Chris Dare, managing director and chief information officer of Monarch Aircraft Engineering (MAEL), spoke to James Pozzi at MRO Europe about the future plans of the UK-based MRO.
Monarch Airlines was the recipient of a £165m ($201m) investment from its main shareholder Greybull Capital earlier this month. How significant is this investment for the engineering and maintenance business?
For us [MAEL] it delivers a lot more certainty in terms of in-house revenue and the work we will get through the airline. It gives the airline the funding to continue its growth strategy over the next five years which has been in place for the past 18 months which will also drive incremental work through us as well.
What’s the current ratio split of MAEL’s work between Monarch Airlines and third-party customers?
At the moment it’s around a 50-50 split between Monarch and third-party customers, but this will increase slightly in the coming years as the airline goes through its fleet renewal. To ramp up for this, we’ve put in a new lease team who will be taking care of aircraft handbacks specifically in engineering. We will focus on Monarch to start with before exploring other opportunities for that. We will work with the lessor to agree what a return will look like – creating a new business strength going forward. Announcements for a new team of around 15 people are expected in the next month and it should be in place by January 2017 based out of Luton. MAEL has an engineering strategy looking beyond just Monarch work to third-party work. I’m fully expecting to open a new UK-based line station either this year or certainly in the next 12 months. There could possibly be another, with the second more likely to be overseas. There’s a couple of potential destinations we are assessing, but we are being strategic about this and seeing who else is operating in those markets.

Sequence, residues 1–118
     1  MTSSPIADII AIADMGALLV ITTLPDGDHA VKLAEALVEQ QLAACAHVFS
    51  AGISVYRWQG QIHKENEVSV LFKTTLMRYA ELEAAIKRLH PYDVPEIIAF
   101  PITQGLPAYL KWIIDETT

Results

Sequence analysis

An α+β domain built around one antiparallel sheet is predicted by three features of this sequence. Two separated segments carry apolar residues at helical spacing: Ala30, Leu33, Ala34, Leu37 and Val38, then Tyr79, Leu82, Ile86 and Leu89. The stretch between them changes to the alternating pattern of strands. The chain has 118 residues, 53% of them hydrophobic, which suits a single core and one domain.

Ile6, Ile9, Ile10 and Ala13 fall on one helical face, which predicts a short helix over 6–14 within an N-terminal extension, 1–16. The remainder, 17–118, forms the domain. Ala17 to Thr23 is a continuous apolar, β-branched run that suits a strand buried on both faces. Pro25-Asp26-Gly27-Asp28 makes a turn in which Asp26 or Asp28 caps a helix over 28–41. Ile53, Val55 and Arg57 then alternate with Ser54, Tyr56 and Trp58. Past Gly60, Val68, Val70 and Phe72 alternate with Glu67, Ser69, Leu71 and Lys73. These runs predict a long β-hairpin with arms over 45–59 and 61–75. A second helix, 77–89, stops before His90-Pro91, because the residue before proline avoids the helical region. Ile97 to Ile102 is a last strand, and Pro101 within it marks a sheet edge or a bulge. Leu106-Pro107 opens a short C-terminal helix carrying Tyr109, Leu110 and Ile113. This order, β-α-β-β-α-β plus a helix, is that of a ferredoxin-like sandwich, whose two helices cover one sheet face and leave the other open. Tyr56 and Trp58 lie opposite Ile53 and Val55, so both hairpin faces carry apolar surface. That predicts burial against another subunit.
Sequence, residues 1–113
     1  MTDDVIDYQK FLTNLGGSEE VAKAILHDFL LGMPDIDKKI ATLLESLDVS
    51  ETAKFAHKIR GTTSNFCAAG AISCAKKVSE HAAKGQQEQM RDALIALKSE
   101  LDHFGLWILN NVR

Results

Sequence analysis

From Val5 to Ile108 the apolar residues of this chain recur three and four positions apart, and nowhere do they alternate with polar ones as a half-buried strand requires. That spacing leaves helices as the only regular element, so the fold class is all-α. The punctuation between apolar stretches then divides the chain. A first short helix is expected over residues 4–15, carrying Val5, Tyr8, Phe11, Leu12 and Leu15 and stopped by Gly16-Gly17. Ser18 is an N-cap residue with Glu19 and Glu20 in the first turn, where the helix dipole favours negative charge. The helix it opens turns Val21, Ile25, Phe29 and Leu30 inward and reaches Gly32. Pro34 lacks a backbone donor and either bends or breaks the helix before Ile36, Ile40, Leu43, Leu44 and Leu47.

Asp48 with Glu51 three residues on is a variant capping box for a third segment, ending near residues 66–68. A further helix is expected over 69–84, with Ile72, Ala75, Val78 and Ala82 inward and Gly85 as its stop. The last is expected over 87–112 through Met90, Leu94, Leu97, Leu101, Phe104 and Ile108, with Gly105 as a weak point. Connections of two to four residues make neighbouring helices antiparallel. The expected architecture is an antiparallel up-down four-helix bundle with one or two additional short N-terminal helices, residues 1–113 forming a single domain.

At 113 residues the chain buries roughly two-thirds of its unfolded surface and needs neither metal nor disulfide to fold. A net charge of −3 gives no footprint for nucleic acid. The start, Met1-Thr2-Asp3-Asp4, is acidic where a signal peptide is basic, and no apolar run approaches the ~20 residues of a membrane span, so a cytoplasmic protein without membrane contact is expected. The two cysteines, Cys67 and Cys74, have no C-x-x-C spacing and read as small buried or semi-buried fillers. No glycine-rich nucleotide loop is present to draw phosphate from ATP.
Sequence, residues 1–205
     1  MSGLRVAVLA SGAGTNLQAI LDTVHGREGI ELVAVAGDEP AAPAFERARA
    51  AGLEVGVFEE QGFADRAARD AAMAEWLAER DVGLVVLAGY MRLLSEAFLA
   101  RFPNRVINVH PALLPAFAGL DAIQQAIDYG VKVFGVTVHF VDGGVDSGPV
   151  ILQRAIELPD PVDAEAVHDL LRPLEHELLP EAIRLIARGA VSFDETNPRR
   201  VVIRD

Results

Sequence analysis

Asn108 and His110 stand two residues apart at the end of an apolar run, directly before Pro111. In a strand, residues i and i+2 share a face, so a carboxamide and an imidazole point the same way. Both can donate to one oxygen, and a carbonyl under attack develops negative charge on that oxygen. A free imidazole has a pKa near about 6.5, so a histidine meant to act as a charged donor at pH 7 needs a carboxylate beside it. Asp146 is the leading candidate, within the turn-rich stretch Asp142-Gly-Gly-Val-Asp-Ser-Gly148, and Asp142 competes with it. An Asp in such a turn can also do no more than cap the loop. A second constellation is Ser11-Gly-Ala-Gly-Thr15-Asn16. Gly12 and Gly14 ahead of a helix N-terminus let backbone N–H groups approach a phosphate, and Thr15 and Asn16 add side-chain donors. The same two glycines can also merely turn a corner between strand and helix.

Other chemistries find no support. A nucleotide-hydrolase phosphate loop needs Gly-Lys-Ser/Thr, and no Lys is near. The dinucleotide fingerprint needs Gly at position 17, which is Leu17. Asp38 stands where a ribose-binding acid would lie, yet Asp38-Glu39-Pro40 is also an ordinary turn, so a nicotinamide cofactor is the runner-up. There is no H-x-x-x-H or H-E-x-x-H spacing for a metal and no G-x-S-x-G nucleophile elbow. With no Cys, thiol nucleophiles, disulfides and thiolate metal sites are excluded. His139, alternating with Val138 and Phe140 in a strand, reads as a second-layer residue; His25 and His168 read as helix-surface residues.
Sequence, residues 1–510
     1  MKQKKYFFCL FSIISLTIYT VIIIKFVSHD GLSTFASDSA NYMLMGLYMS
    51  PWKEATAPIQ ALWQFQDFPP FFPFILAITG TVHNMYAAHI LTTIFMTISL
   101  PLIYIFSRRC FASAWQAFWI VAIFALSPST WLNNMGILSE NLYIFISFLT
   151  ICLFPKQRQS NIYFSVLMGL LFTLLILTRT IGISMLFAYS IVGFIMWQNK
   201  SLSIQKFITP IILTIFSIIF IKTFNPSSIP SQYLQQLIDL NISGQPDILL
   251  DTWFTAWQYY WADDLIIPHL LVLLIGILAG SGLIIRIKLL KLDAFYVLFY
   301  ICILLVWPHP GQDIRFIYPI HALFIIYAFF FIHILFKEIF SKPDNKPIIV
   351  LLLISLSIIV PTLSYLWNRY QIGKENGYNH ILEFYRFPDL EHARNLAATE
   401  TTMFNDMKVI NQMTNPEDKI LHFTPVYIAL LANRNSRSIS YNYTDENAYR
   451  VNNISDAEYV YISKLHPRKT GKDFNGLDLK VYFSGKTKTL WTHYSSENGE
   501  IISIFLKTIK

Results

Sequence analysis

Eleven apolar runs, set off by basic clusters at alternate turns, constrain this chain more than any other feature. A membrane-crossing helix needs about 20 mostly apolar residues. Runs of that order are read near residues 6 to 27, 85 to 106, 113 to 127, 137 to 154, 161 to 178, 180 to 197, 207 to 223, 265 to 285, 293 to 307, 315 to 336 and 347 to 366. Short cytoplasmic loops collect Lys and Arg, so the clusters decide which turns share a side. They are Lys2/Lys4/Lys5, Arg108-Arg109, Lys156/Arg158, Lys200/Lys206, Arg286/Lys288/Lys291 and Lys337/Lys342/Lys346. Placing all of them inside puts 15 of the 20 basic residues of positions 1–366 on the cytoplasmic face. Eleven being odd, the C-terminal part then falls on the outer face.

In recent years MAEL has added a number of new capabilities to its portfolio, including A350 and A380 line maintenance. Where do you see the business heading in terms of future approvals and capabilities?
We have such a broad spread of approvals already, and I don’t want to dilute these too much unless there’s a real core business need. My view is we’ve probably reached about 90 per cent of the approvals we need. Now it’s about using the investment we’ve got through the business to strengthen the depth of our footprint.
What technologies have you focused on for other parts of the business such as IT and training?
We’re going through an upgrade of our AMOS system worth nearly three quarters of a million pounds. We’ll be also reviewing electronic approvals and doing some trials of technology for line maintenance engineers. This is intended to speed up their time when they are out looking at aircraft and also give them the technology to look at things out in the field rather than returning to base. In terms of training, we have our training academy which is due for another intake of apprentices this year. 12 apprentices graduated last year from the fourth year. My expectation is that we will increase the number of apprentices – probably double it – in the next 18 months because of the shortage of engineers across the market. I don’t believe doubling it will take care of our requirements in five to six years’ time – there will likely be a bigger hole. The skills gap is definitely something both MAEL and the wider industry need to look at.
Has the UK voting to leave the European Union last June had an adverse effect on business in the past four months?
While it’s no secret that airline businesses have seen prices in areas such as fuel and leasing effected by the weakened pound, from an engineering perspective, it’s probably made us slightly more competitive. This is because we are basing ourselves on a weaker pound. However, over time, I believe this will balance itself out and will reach an equilibrium. Right now we certainly aren’t seeing this as a negative position.